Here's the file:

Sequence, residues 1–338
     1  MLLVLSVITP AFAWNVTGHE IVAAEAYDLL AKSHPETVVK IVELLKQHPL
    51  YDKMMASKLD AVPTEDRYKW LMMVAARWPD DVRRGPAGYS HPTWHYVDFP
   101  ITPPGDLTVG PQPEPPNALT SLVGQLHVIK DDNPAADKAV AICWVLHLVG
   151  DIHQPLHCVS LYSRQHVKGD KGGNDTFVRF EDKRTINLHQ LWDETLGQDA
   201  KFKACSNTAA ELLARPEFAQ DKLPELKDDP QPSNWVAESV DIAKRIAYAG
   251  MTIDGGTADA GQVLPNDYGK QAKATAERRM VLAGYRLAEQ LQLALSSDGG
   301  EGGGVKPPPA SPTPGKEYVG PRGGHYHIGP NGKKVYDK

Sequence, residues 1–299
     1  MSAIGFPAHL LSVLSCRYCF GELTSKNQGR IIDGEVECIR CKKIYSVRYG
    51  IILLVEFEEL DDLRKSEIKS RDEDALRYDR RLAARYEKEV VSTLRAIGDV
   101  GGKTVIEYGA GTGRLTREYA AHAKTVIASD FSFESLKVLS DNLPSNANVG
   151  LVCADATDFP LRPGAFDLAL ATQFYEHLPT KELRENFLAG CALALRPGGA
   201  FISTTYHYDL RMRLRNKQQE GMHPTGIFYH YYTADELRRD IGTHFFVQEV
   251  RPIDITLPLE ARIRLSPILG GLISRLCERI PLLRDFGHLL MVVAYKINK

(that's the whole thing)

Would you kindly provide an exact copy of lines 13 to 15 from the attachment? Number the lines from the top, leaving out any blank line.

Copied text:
   151  LVCADATDFP LRPGAFDLAL ATQFYEHLPT KELRENFLAG CALALRPGGA
   201  FISTTYHYDL RMRLRNKQQE GMHPTGIFYH YYTADELRRD IGTHFFVQEV
   251  RPIDITLPLE ARIRLSPILG GLISRLCERI PLLRDFGHLL MVVAYKINK